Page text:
Norwegian gambling regulator gains DNS-blocking powers

Lottstift says it will monitor companies that continue to target Norwegian players.
Lottstift says it will monitor companies that continue to target Norwegian players.

Lottstift will launch a major DNS-blocking campaign against unlicensed online gambling operators next year.

Norway.- The national gambling regulator Lottstift has announced that it has been granted powers to block domain name servers of online casino operators that attempt to circumvent Norway’s strict gambling monopoly. It says it will begin a major DNS Blocking campaign against unlicensed operators in 2024.

The regulator’s director, Henrik Nordal, said the government had approved Lottstift’s request for the right to order internet service providers to immediately close access to gambling sites that it flags as operating illegally.

He said that unlicensed gambling operators that continue to promote gambling to Norwegian consumers will be put under supervision ahead of the campaign. It also plans to use the time leading up to the campaign to take legal action against unlicensed operators, possibly imposing fines on those that do not stop targeting Norwegian players as it has already done in the past.

He warned that “DNS blocking of websites that offer illegal gambling in Norway will probably take place” from January 2024. “This means that the internet provider stops you if you try to access such a website,” he clarified. “We are getting more and more tools, and collectively we see that this has a good effect. We have advocated introducing DNS blocking as soon as possible because it is a good measure.”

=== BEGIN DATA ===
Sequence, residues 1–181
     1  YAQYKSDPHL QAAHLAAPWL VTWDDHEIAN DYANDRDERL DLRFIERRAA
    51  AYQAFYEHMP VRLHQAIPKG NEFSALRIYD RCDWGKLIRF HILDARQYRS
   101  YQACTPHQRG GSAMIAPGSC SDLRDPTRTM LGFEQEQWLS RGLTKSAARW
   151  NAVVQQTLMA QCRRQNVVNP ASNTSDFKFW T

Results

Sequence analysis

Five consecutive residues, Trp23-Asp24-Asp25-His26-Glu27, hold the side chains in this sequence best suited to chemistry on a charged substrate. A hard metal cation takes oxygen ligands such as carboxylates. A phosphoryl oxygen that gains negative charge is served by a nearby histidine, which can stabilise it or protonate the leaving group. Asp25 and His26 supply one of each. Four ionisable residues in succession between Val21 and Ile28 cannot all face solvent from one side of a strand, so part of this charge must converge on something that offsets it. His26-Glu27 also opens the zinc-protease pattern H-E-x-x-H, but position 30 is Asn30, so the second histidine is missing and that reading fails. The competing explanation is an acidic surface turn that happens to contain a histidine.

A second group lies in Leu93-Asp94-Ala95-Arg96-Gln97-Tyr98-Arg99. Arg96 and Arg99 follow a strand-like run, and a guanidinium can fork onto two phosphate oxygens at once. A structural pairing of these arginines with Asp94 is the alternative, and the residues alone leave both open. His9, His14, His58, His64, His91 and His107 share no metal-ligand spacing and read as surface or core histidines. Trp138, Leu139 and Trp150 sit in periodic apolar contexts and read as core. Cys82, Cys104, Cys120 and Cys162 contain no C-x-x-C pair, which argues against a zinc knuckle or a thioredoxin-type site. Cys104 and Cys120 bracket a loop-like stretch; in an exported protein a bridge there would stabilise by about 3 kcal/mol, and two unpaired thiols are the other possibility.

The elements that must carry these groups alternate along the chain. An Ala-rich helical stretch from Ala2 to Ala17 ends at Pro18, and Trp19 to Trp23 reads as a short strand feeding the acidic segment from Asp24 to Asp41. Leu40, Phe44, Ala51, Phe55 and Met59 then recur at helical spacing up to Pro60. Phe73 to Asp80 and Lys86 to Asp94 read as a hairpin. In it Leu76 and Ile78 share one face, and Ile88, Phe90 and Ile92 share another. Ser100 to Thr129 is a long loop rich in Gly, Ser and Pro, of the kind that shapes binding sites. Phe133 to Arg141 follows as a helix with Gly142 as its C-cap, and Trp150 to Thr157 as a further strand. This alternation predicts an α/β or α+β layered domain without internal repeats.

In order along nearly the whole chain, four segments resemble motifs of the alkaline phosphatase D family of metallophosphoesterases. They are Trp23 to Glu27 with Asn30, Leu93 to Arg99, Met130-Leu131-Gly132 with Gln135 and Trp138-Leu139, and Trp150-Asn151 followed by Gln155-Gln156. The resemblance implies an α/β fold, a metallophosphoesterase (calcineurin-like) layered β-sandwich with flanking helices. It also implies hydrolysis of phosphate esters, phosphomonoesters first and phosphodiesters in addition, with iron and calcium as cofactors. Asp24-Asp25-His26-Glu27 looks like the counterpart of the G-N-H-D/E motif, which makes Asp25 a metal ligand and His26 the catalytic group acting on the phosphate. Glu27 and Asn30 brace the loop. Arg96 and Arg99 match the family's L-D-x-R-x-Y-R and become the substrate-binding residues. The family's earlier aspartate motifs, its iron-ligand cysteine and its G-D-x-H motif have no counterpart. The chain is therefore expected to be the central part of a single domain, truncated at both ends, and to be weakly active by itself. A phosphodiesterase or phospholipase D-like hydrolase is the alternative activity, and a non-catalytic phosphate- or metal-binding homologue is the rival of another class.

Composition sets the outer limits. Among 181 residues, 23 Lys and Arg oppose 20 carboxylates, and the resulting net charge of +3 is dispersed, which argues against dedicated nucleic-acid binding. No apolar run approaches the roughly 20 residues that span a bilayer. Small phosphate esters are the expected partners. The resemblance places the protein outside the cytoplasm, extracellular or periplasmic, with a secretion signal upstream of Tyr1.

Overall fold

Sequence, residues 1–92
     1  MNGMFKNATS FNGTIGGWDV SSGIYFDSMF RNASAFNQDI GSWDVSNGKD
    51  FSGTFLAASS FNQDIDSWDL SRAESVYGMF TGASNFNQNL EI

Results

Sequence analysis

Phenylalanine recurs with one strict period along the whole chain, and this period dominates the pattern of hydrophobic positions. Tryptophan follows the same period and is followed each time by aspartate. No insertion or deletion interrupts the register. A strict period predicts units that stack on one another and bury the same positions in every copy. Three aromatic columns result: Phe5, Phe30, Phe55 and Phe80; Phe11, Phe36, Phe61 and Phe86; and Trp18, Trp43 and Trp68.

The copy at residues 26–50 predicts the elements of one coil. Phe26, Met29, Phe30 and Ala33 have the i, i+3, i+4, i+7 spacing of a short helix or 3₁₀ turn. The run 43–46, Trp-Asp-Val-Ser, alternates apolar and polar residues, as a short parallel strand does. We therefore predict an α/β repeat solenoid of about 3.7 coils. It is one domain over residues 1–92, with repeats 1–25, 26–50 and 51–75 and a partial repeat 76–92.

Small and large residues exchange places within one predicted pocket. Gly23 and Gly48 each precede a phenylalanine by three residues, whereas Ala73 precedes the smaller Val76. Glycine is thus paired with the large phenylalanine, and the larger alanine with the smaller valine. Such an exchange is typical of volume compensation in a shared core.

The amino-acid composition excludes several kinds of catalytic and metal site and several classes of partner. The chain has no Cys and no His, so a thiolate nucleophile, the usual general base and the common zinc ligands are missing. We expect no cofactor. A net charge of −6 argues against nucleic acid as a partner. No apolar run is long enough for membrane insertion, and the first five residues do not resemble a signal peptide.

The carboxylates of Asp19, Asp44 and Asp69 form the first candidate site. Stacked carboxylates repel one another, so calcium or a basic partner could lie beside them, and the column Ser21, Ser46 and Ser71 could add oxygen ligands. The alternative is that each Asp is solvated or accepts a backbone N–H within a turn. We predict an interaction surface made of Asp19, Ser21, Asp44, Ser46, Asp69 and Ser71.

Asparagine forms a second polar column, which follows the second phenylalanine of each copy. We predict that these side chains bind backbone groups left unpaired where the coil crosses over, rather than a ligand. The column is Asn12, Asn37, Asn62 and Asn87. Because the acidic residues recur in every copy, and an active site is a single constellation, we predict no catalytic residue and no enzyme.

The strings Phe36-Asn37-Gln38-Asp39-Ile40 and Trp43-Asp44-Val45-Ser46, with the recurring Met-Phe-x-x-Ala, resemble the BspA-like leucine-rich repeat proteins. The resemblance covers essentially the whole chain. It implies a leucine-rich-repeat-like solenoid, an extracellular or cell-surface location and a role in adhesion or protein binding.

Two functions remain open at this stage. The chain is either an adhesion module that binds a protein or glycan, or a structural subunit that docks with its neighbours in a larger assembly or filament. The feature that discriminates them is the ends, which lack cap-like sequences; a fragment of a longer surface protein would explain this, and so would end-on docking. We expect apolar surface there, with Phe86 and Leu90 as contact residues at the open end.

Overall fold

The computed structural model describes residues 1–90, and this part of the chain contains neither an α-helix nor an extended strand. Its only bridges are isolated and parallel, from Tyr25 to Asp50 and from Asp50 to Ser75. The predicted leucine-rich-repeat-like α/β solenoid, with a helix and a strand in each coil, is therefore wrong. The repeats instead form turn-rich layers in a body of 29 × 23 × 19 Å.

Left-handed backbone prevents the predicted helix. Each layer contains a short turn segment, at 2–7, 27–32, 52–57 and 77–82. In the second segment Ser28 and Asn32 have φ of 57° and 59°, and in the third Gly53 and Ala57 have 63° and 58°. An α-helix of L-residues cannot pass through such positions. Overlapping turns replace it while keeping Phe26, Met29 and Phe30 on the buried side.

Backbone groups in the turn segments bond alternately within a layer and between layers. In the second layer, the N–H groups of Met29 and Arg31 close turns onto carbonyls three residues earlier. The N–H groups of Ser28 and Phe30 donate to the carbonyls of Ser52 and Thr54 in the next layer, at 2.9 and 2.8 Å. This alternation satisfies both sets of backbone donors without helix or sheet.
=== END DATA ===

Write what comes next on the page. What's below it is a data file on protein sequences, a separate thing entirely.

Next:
He added: “For companies planning to exit the Norwegian market and demonstrating genuine commitment through implemented measures, we will focus on providing guidance instead of resorting to punitive actions and DNS blocking.”

The Norwegian gambling regulator has long sought the powers to block unlicensed offshore gambling operators to channel gambling to the state-controlled market. It says such action is required because 55,000 Norwegians suffer from problem gambling, with a further 122,000 at risk of developing a problem, according to a 2019 welfare survey.

Lottstift will also launch a public awareness campaign that aims to clarify which operators are allowed to offer gambling in the country (only Norsk Tipping and Norsk Rikstoto).

Kindred’s Trannel Unibet continues to argue that Norway’s stance runs against European law, but late last year it agreed to withdraw its Norwegian language services. That led Lottstift to pause its fines against the company.

Tender for gambling helpline

Last month, Lottstift announced plans to run a tender to find a new operator for Norway’s 24-hour problem gambling helpline Hjelpelinjen. The service is currently managed by Sykehuset Innlandet, the health trust for the provinces of Hedmark and Oppland, but it will halt its management at the end of the year.

Bjørn Leirdal, Lottstift’s acting director of communications and strategy, said the regulator was disappointed by Sykehuset Innlandet’s decision to stop managing the service but promised that the helpline service would not be interrupted.

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